JUST over half of the UK’s finance directors (58%) expect to see modest growth (1%-2.5%) over the next 12 months, according to a survey of more than 100 FDs and CFOs.
But confidence in the economy’s growth prospects is significantly down on last year, when 58% of FDs expected to see either strong or modest growth. In contrast, those expecting either flat or negligible growth over the year have more than trebled from one in ten (11%) in 2014 to over a third (37%) in this year’s survey, published in CA magazine, the journal of ICAS, in partnership with law firm DLA Piper.
The depressed oil price was seen as the most critical barrier to growth for a significant minority of FDs, while skills shortages were rated the biggest barrier.
Meanwhile, staff recruitment and retention together with “controlling costs” and “growing revenues” were identified as the top three issues on the FDs’ personal agenda.
Weak confidence – among consumers and the business sector – is deemed another significant barrier to growth, as well as red tape and regulation, the slowdown in Chinese growth and uncertainty over the UK’s future in the EU.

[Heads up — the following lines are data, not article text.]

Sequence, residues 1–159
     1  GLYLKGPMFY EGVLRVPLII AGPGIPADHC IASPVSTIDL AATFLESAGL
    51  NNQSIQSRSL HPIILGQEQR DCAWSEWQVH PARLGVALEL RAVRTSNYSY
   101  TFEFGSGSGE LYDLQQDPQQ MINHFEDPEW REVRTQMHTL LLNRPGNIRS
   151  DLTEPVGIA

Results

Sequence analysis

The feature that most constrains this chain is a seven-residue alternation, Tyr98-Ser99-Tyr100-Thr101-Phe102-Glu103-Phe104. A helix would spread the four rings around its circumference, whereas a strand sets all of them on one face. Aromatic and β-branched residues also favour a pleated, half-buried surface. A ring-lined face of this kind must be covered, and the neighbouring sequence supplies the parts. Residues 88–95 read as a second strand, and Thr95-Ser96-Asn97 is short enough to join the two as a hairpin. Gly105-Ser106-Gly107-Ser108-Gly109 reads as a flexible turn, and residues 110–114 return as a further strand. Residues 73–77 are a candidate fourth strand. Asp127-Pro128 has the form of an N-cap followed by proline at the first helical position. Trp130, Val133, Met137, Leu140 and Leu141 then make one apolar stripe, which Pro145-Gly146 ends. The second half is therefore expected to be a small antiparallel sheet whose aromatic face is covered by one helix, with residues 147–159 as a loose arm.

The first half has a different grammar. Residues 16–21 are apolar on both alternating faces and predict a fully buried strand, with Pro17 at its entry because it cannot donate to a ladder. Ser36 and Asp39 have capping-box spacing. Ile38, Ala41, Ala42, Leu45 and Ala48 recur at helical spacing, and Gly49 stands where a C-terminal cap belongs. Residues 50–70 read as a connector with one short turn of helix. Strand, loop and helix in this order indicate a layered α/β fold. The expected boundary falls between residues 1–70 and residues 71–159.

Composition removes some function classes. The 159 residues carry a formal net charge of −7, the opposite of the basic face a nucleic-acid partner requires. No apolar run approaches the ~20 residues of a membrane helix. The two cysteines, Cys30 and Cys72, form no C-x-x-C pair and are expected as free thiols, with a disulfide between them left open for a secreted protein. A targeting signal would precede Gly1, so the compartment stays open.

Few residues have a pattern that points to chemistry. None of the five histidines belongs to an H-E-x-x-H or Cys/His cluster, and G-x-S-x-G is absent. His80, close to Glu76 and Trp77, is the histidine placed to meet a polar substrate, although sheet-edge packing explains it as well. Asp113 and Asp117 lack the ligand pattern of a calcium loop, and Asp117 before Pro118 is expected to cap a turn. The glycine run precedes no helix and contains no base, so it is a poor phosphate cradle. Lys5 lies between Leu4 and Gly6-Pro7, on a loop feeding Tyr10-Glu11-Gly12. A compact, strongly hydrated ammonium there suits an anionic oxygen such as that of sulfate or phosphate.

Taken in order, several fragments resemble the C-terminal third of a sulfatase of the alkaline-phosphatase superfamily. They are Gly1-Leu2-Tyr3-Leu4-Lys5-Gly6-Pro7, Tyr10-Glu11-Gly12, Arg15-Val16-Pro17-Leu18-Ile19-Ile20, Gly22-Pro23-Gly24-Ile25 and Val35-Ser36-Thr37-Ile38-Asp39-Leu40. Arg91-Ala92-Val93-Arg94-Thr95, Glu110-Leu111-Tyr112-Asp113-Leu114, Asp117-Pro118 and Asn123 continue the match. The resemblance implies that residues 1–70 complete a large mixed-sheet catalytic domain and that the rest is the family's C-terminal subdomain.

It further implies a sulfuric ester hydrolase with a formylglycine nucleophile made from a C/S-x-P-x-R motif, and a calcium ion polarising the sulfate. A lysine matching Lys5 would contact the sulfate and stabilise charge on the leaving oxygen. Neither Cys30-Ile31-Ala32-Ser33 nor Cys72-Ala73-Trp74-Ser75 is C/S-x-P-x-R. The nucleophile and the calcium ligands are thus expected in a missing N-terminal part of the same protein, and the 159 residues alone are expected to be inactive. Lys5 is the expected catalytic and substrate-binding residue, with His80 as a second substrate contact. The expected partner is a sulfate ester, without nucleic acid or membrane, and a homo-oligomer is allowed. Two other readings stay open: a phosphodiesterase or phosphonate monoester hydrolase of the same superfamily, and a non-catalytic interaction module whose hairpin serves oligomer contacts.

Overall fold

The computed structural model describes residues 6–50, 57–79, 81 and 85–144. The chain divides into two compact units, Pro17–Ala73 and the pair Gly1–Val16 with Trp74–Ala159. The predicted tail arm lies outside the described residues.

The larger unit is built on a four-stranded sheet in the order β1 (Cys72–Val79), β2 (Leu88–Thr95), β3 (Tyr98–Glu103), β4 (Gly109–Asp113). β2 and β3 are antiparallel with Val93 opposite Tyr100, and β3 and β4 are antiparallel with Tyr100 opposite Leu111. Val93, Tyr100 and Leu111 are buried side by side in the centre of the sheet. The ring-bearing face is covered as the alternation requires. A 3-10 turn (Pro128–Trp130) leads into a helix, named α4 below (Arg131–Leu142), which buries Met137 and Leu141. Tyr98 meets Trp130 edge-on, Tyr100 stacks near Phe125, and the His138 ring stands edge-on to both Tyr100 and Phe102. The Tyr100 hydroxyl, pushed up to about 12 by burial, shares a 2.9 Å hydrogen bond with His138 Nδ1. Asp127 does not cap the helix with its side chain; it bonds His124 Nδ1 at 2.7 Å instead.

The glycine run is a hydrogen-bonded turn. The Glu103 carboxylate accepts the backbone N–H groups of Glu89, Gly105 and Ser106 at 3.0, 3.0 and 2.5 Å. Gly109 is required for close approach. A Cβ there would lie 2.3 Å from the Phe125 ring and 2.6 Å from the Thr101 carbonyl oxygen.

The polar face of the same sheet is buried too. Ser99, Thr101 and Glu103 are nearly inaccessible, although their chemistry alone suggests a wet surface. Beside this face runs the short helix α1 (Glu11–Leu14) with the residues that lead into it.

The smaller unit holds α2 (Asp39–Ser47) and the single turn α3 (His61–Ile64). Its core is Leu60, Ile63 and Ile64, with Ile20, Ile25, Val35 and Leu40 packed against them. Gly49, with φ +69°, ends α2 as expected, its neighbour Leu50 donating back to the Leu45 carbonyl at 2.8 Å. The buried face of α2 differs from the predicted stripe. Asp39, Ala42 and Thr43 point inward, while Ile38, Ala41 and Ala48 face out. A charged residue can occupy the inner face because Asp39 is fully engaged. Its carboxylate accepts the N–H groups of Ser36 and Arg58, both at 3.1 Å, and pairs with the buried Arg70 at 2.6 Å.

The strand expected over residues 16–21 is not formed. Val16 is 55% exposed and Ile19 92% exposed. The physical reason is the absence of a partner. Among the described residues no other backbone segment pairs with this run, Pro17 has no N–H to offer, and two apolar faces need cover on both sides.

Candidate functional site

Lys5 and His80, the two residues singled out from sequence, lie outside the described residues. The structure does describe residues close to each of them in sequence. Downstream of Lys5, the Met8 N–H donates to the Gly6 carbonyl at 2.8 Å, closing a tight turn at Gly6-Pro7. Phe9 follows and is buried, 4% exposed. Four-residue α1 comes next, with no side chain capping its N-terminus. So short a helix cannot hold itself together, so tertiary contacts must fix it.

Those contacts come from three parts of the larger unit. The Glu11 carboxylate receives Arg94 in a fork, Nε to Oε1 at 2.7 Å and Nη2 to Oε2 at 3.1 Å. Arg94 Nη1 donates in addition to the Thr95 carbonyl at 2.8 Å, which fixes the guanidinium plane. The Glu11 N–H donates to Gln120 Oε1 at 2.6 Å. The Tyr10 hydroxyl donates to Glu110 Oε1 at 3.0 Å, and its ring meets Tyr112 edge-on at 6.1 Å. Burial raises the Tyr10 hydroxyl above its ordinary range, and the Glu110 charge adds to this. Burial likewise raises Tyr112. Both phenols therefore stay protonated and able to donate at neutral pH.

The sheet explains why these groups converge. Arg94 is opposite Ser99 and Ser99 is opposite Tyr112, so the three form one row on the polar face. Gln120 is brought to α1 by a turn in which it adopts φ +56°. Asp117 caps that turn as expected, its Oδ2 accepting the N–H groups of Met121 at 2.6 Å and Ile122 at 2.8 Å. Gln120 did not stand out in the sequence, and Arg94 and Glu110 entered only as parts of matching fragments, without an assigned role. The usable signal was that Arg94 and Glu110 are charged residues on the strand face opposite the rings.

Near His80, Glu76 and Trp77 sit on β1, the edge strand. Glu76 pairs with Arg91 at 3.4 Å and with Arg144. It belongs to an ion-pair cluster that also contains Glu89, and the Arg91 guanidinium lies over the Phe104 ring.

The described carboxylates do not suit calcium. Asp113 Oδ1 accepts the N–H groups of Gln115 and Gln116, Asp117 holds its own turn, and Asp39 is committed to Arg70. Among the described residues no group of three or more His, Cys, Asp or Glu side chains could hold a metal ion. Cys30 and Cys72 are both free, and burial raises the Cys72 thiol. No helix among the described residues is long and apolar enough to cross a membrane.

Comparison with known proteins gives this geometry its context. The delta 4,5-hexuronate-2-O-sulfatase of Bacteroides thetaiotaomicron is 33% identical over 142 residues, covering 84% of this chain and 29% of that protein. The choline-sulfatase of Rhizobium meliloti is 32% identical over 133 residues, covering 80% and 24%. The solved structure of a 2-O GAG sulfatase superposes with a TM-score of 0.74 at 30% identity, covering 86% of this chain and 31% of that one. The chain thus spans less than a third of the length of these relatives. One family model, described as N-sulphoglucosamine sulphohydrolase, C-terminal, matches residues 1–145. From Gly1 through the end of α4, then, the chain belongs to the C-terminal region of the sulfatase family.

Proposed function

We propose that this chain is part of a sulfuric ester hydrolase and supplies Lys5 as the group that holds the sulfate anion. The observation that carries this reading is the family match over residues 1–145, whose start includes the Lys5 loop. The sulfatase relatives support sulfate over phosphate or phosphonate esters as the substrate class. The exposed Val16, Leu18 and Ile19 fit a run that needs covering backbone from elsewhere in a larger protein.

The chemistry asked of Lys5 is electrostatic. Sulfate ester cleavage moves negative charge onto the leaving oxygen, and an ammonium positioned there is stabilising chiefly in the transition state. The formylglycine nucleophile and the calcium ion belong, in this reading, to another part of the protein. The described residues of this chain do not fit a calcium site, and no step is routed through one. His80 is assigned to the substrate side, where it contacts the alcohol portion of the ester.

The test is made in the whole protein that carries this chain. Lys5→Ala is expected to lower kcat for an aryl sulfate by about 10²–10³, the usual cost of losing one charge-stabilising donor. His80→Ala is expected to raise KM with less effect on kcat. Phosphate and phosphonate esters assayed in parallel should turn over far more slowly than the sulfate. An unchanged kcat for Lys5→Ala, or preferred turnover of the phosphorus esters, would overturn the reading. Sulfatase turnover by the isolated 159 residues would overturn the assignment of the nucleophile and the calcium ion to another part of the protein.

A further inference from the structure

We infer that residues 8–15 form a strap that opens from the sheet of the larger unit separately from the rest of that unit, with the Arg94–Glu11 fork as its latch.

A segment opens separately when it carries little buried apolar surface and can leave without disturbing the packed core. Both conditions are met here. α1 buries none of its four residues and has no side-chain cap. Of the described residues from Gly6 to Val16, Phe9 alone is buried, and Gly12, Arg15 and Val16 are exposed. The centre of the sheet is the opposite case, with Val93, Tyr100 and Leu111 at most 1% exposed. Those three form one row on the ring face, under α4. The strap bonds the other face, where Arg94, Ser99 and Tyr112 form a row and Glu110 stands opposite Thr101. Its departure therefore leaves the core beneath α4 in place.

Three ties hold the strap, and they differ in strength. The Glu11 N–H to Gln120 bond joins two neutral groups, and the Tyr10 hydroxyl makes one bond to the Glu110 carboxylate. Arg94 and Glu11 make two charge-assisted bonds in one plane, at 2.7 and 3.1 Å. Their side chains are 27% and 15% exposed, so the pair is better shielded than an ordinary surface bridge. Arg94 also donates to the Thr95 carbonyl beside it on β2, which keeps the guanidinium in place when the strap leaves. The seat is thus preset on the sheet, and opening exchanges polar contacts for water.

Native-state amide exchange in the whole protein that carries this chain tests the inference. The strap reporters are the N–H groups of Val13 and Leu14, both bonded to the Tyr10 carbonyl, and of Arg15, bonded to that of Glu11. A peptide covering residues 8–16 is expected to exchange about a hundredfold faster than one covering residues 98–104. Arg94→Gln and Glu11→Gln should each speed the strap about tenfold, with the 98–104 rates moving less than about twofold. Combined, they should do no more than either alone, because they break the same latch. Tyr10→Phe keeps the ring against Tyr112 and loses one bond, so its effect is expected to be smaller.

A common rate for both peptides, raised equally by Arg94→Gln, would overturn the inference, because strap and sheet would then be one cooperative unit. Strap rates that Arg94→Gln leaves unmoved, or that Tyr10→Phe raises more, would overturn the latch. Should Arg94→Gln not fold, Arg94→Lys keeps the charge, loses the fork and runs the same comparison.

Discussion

The survey found that the majority of FDs believe the key to boosting economic productivity over the next 12 months is in the hands of businesses themselves, rather than being down to action on the part of government. Better employee motivation, improved business processes and more investment in training are cited as key measures to help improve economic productivity.
On a more downbeat note, the spectre of redundancy still looms large for businesses. More than one in four (28%) expect redundancies in their organisation during the remainder of 2015. This is up from the 19% that expected redundancies last year.
Controlling costs, growing revenues and staff recruitment and retention again surfaced as a trio of top priorities facing FDs. But the more prominent role of IT across business operations has seen cyber security and other IT issues shift up the priority list.
Some 91% of FDs said they had not experienced any reduced availability of bank finance in 2015, an improvement from 89% in 2014. Bad debts nudged up to 34% compared with 27% last year, while 24% said they were experiencing “significant” downward pressure on prices – a significant change on the previous year (8%).
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